Being a better parent, Part 2

Being a better parent, Part 2

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SALT LAKE CITY — In this second part of her series on parenting, Coach Kim gives some advice on controlling our emotions and reactions so we can create more peaceful relationships.


I have a preteen who is struggling with school and I want to learn how to better communicate with him so we can have peace and love in our relationship now and in the coming years. I realize that I get upset when he doesn't get his work done because I have a fear of him failing and of not being a good parent. What else can I do to stop reacting badly when I get triggered? What else can I do to build a more peaceful relationship with him?


There are four things you must do to get your reacting (temper, panic and anxiety) under control so you can be a better parent.

  1. Recognize your ego issues and what triggers (scares) you. As a parent it is really hard not to come from a space of ego, superiority, control or neediness when it comes to our children, but when we get attached to preserving our ego or our expectations, the relationship will always suffer. There are four types of ego problems explained in the book “The Conscious Parent” by Shefali Tsabary, which can help you to see what your fear issues are about. They are:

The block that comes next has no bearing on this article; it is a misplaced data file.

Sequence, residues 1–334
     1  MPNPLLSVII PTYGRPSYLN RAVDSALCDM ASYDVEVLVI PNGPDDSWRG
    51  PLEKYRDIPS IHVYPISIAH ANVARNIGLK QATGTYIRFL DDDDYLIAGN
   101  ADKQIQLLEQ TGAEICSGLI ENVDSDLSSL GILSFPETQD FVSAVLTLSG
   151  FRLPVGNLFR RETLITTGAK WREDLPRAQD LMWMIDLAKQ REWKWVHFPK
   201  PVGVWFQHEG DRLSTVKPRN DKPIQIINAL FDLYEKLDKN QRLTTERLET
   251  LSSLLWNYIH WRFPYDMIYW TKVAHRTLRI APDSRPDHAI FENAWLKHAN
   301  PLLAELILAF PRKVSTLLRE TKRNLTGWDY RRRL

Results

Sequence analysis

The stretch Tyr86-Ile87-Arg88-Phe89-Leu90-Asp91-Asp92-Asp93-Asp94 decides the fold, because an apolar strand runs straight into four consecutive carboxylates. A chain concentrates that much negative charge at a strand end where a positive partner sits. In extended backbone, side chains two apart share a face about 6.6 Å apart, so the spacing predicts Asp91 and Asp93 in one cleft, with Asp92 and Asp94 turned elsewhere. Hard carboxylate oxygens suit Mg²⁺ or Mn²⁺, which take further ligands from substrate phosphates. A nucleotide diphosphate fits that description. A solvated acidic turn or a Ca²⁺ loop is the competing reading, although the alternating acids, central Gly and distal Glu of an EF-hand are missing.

2. Attachment to Image — Where your sense of self-worth has become tangled up in your child’s behavior and how you look to others.
  3. Attachment to Perfection — Where you have projected your fear of not being good enough onto your child, who must be nearly perfect to make you feel safe.
  4. Attachment to Conformity — Where your sense of safety comes from fitting in and being the same as or fitting in with other people.
  5. Attachment to Control — Where you must have control over your child and your life to feel safe. This means you have fear of loss a lot of the time.


Take a minute and own which of these subconsciously influence your fears and reactions to your children. Being willing to admit an ego or fear problem is the first step to fixing it.

Understand that you have fears around failure and loss that trigger you and produce reactive bad behavior — and you would be dealing with these issues whether your child was in your life or not. This means your child cannot be blamed for your anger, frustration, anxiety and fear of looking bad or losing control. Your emotions and bad behavior (which do show up when your child triggers you) are not really about them. These situations with your child are just showing you your issues so you can work on them.